The 6 Nutrients a Dietitian Recommends Eating More of in Your 40s (and Beyond)

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Around age 40, your priorities may start to shift. You might think of 9 pm as the time to get home—not head out, for example. It’s also possible that your body's needs are shifting, too. It could very well be time to reassess the foods and nutrients you're including in your diet for healthy aging.

Science tells us that as our estrogen starts to decrease, our risk of heart disease, diabetes, stroke, and osteoporosis all start to increase. But some satisfying foods can help protect against these chronic conditions. So, good news, here's some advice to eat more of certain foods!

“Food is our medicine and can help keep us strong as we age,” says Ashley Larsen, RDN, pre-diabetes expert and owner of Ashley Larsen Nutrition. “Have fun trying new foods that will provide you benefits, such as baking recipes with whole grains and seeds or new seafood and tofu dishes," she recommends. "Empower yourself to enjoy the food that takes good care of your body.”

Experts In This Article

So, what should you be adding into your food routine as you age gracefully? Below, find six nutrients a dietitian recommends getting more of in your 40s.

Here are some nutrients to consider adding to your diet for healthy aging and longevity

1. Fiber

Enjoy several servings of whole grains, fruits, and vegetables each day to increase your fiber intake. Fiber, a nutrient in plants that promotes gut health and digestion, also reduces inflammation, promotes healthy cholesterol levels, and may even help you combat feelings of fatigue. It’s also associated with a reduced risk of chronic diseases like heart disease, diabetes, irritable bowel syndrome, and colon cancer.

Fiber is a healthy choice at any age. Women should aim for more than 21 grams per day. Swapping in foods with fiber is particularly helpful for blood sugar and to help prevent type 2 diabetes.

“Focus on including more whole foods that contain fiber and protein in your diet,” Larsen says. “By including protein and fiber in your meals, blood sugar is released more slowly into your bloodstream causing less of a spike. Consider swapping simple carbohydrates like sweetened yogurt or juice with plain Greek yogurt with berries and whole grain cereal or granola.”

2. Omega-3 fatty acids

Have fish for dinner, snack on walnuts, or use canola oil each day for omega-3 fatty acids. Omega-3s are important for the health of your cells, particularly your brain, and have been linked to boosting longevity in a number of studies. The polyunsaturated fats found in omega-3s are also associated with a lower risk of heart disease and chronic illness.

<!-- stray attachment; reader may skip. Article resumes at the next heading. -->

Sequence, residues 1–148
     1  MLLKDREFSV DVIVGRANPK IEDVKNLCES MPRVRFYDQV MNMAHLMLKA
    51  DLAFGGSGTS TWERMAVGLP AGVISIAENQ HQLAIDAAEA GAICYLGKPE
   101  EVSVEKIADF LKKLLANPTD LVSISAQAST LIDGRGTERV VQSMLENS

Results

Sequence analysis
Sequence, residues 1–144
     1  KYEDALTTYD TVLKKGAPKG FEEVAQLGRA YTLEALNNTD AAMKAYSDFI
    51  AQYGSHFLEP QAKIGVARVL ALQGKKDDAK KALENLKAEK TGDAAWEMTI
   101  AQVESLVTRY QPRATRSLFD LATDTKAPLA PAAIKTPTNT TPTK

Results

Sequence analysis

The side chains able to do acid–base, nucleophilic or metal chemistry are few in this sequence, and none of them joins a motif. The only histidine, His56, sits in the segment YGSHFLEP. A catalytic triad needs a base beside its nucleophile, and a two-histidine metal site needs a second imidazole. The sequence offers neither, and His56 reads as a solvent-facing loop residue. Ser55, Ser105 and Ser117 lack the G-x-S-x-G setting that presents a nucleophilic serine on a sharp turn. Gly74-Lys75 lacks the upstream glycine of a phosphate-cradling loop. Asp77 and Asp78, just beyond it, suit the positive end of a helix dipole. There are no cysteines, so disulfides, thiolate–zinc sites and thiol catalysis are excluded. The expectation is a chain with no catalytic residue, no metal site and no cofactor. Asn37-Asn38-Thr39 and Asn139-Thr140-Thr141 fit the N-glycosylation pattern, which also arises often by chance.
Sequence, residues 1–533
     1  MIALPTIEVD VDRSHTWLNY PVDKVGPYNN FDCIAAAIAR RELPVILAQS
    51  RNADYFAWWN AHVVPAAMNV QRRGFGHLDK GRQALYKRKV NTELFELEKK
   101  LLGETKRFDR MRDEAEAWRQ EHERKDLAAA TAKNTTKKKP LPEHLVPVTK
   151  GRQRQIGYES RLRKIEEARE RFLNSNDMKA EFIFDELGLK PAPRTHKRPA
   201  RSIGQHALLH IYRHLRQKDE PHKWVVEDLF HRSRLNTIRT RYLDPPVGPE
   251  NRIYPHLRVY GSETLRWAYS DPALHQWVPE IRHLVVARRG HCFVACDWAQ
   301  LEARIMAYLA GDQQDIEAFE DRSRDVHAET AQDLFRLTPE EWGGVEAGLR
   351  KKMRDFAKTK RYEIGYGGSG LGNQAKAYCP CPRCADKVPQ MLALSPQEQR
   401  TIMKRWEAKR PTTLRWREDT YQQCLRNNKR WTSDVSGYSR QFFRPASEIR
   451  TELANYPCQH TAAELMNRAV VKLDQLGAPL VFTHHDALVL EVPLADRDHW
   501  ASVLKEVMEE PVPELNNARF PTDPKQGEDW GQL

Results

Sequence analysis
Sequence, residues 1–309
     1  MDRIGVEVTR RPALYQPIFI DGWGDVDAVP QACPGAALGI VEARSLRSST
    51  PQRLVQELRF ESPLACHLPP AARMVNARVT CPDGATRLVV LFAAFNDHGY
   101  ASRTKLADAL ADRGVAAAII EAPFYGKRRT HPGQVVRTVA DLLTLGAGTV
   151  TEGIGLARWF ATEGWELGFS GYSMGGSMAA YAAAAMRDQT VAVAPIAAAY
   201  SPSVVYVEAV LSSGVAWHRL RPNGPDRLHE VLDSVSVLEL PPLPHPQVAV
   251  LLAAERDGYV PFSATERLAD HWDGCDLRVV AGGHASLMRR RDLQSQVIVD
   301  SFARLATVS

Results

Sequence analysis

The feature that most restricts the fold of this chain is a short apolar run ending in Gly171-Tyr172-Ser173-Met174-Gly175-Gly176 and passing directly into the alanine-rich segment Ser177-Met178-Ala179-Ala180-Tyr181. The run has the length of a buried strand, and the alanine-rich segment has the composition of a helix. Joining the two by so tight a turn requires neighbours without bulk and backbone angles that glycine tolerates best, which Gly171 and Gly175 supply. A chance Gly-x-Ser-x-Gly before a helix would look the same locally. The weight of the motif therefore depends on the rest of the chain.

Omega-3 fatty acids are abundant in oily fish like salmon, mackerel, and anchovies. According to Larsen, you can also get them in plant-based foods like walnuts, flaxseed, and plant-based soybean and canola oils. They are fortified in some juices, eggs, and dairy or alternative dairy products.

3. Calcium

Have any combination of dairy products, spinach, or fortified juice for your daily dose of calcium, aka the most abundant mineral in your body. "Calcium is important for strong bones and teeth as you age—and after menopause, women are at an increased risk of osteoporosis, which is brittle bones that are prone to fracture," says Larsen. Women 19 to 50 need 1,000 milligrams of calcium per day; that should increase to 1,200 milligrams after age 50.

“To achieve this, aim to eat two to three servings of high-calcium foods daily such as milk, yogurt, calcium-fortified plant-based milks or juices, calcium-rich tofu, edamame, and leafy greens,” Larsen says.

"Calcium is important for strong bones and teeth as you age—and after menopause, women are at an increased risk of osteoporosis, which is brittle bones that are prone to fracture." —Ashley Larsen, RDN, dietitian

4. Protein

Your protein needs will vary depending on your body size and activity level. "Most women need between 50 and 60 grams or more per day," says Larsen. "Try to get some at each meal for strength and energy balance."

Muscle mass naturally drops with age, so consuming enough protein and engaging in physical activity (see: strength training!) can help you maintain strength for the long haul. Protein sources include:

  • Lean meat
  • Seafood
  • Eggs
  • Beans
  • Peas
  • Nuts
  • Seeds
  • Soy
  • Quinoa

5. Vitamin D

Vitamin D helps with immunity and calcium absorption. Most people in the United States get their vitamin D from fortified foods like cereal, juice, and dairy (or plant-based milk products), but it's notoriously challenging to get a sufficient amount of vitamin D from diet alone. According to Larsen, women ages 15 to 70 need 15 micrograms per day. Your healthcare provider might recommend a supplement if you’ve had cancer or other health conditions.

6. Phytoestrogens

Phytoestrogens are chemicals in plant foods like nuts, soybeans, fruits, and vegetables. Phytoestrogens, especially soy, mimic hormone therapy. "They appear to help protect against heart disease, inflammation, and Alzheimer’s disease," says Larsen. "Phytoestrogens might also help with skin and immune system health, and soy products specifically have been shown to reduce menopause symptoms such as hot flashes and night sweats." Phytoestrogens might not ease symptoms for all women, but potential side effects are low, so try them if you like.

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